He listened to everything, including his father's favorite artists Johnny Cash and Neil Diamond. "When we were kids, we used to just roll on the floor and laugh because we thought they were so humorous. They had all of these twangy guitar parts that we were sure were written purely for amusement purposes. Now, those are all the records I have on disc."
England also is influenced by today's folk-country artists, including Lyle Lovett, who taught him not to take life too seriously and to surround yourself with good people who will make you sound better.
Now in their mid-30s and early 40s, band members still have dreams of hitting the big time and going on a world tour, but after nearly a decade of Pondering Judd, the primary reason the band is together is for the enjoyment of playing together. "The radius of miles that we'll travel to play now has dropped down as we've gotten older. But I can see Pondering Judd playing together in 20 years," England says.
"We go through our trials and tribulations together. We eat together. We drink together. We share our lives together. It's not just a group of guys who get together and bang out songs."
When Rosemary Raynes and Katie Makem asked co-worker Erica Brown if she wanted to be part of their community theater production, she thought she'd work behind the scenes.
Instead, she and four of her co-workers will take the stage in the Lakeside Player's production of "Lucky Dollar - Private Eye, The Musical."
Brown, a library associate at UNH's Physics Library who plays Pandora Sugarland -- "an unusual client...she can pay" -- initially planned to work in costuming or lights, but was talked into trying out by Raynes, an administrative assistant in physics, and Makem, the department's administrative manager.
"I actually landed a medium-sized part. I was very nervous at first, but then the more I talked on stage, the more relaxed and comfortable I became. I just kept reminding myself that the audience was made up of my friends, and they wouldn't laugh at me," she says. "I like my character -- she's flirty and fun, and a little bit mysterious."
Raynes and Sharon Andrews, a business services assistant in Printing Services, have been involved with the Lakeside Players for several years. Andrews' mother, Nancy Hill, is directing the play.
Like Brown, Kathy Horrigan, supervisor in library services, didn't have acting plans when she first inquired about the musical. "Initially I thought I would just go and see if they could use ushers for the show. I was nervous and actually refused to sing for the director, Nancy Hill. But she cast me anyway, for which I am thankful," she says.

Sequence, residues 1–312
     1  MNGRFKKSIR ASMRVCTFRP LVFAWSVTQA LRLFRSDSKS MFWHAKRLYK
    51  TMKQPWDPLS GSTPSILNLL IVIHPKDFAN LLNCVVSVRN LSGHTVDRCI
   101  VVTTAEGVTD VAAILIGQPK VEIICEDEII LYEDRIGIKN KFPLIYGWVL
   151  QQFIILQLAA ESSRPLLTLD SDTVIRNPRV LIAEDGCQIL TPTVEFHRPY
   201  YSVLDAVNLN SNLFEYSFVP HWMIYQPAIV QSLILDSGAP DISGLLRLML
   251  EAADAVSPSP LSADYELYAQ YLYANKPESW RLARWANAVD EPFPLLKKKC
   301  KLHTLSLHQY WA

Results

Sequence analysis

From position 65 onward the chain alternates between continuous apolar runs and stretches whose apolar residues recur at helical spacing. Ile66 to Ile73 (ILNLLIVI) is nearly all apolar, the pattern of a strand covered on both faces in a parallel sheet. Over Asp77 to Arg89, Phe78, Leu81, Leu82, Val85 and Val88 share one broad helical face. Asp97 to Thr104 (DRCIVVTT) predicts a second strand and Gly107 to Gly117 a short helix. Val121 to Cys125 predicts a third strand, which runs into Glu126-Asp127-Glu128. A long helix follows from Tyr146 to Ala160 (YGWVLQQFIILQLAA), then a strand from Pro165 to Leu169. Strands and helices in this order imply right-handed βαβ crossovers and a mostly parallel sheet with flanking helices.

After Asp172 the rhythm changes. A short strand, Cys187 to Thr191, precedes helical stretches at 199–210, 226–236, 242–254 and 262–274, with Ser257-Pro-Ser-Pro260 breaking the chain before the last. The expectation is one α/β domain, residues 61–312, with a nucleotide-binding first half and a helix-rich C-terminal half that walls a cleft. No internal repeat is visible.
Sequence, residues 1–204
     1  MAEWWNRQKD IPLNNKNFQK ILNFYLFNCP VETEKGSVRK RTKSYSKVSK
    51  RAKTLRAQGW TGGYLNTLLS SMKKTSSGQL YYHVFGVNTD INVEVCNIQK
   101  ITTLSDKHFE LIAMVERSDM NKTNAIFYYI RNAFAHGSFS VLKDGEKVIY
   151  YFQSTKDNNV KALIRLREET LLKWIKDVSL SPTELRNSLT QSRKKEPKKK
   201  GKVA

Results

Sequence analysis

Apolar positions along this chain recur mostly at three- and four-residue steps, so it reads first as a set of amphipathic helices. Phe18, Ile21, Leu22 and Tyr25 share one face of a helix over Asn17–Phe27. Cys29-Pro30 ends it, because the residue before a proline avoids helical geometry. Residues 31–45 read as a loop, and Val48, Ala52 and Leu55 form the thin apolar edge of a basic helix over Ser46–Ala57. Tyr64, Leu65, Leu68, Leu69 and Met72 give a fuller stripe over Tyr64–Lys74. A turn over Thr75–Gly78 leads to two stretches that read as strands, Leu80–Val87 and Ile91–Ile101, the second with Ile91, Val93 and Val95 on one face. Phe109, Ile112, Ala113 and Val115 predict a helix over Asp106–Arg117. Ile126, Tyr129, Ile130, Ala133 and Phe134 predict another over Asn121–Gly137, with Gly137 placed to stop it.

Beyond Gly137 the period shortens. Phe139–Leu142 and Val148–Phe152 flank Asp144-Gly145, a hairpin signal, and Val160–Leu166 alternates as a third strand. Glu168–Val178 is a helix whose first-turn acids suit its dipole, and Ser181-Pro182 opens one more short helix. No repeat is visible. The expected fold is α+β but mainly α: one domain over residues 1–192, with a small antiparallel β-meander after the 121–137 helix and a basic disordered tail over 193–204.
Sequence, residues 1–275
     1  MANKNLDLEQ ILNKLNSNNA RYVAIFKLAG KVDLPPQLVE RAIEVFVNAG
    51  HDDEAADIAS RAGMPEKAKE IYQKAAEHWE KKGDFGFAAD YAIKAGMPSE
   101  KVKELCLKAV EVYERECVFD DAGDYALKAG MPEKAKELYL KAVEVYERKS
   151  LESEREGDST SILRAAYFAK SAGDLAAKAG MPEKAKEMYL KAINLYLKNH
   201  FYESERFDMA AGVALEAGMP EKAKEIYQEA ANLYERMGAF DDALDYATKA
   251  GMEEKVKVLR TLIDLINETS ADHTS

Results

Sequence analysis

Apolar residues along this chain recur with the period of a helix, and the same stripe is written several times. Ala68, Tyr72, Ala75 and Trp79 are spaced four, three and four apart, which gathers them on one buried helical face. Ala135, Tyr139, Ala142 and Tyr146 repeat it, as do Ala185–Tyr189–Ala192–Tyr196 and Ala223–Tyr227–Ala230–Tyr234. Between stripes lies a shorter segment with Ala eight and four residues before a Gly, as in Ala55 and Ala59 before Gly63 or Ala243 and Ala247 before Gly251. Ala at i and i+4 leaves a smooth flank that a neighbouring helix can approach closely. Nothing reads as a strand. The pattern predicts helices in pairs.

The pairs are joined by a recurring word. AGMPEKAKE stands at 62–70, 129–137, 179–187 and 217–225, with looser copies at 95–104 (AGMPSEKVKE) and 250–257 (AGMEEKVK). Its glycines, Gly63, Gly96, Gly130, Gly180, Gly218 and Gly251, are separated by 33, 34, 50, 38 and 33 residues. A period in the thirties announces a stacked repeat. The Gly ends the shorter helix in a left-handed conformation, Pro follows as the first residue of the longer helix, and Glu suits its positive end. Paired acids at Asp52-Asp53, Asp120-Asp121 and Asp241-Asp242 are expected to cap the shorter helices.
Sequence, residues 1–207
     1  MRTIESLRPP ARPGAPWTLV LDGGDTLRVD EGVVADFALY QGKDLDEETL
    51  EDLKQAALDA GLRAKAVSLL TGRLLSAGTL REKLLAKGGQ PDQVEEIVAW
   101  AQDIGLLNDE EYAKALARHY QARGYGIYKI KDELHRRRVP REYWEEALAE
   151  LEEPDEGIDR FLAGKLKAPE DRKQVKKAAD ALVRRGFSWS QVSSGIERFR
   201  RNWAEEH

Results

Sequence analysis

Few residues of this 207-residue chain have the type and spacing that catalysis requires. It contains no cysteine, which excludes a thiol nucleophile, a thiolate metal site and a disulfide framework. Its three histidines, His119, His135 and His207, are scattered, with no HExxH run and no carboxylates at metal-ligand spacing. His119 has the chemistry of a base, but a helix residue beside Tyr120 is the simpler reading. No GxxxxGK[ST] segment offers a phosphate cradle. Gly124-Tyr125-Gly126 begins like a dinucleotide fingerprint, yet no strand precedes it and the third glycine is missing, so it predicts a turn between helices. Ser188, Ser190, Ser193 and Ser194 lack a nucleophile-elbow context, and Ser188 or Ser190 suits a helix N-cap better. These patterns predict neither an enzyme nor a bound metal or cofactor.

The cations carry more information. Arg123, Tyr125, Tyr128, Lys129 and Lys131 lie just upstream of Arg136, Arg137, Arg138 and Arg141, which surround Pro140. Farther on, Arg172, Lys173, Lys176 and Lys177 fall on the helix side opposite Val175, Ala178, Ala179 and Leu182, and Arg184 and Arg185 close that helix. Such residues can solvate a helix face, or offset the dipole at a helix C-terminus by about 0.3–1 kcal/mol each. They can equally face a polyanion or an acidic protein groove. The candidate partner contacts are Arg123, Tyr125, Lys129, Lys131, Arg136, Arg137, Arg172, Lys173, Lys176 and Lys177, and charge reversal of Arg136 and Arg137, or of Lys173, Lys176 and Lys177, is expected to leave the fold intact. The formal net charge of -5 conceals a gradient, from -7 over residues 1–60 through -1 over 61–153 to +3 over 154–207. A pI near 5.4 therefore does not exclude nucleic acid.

"Lucky Dollar - Private Eye, The Musical" focuses on unlucky Los Angeles detective Lucky Dollar. After more than two years without a client, Lucky meets Pandora Sugarland, who tells him a strange tale about her strange boyfriend who may or may not be dead. What ensues is a hilarious spoof of 1940s private eyes that introduces the audience to a cast of goofy characters. Raynes plays The Kimono -- "caution advised." Andrews plays Mrs. Mintworth -- "rich, famous and batty." Makem is The Chanteuse - "amateur night is cancelled." And Horrigan is Florence - "Lucky's Girl Friday every day of the week."
For several of the women, this isn't their first time on stage. In high school, Brown played a strict teacher in "Happy Daze" and did technical work for "A Midsummer Night's Dream."
Andrews, a Lakeside Players board member, has performed in the musicals "Hello Dolly" with the Garrison Players and "Moonbeams" with the Lakeside Players. "I find acting to be a little uncomfortable, but it challenges me," Andrews says. "This show feels fun. I tell people it has a Prescott Park feel or quality."
Raynes has performed with the Lakeside Players in "Harvey," "Night of January 16th," "The Christmas Carol" (directed by her husband and son) and "Deckchairs," which was challenging because she and Nancy Hill performed five 15-minute plays. She is a member of "The Not Ready For Serious Players," and also was in "Best Little Whorehouse in Texas" with the Garrison Players.
Horrigan's acting career started in junior high and high school, including a role in "The Music Man." As a UNH student, she received course credit for the Durham Summer Theater where she had roles in "Damn Yankees" and "The Devil's Disciple."
But for Makem, this will be her first true acting experience. Not only is she contending with first-time jitters, but she comes from a family of professional entertainers -- no pressure there.
"My father is an Irish singer and my brothers have their own group. I have always shied away from the spotlight so it is tough for me to put myself out there because I feel like I have to live up to the family name. I just try to have fun and give the best performance I can," she says.
The women have enjoyed performing with their co-workers. "We often greet each other at work by our characters' names, discuss costumes, and practice lines together. Songs from the show are very catchy, so one of us is always humming one of the songs," Raynes says.
"I don't entirely know what this experience is teaching me since it's not over yet but I do know that I have learned to just go out on stage and try something," Horrigan says. "The beauty of play rehearsals is you really do get second chances."
Performance of "Lucky Dollar - Private Eye, The Musical" run Sept. 6 to Sept. 8 at the Bow Lake Grange in Strafford. Info: 664-5557.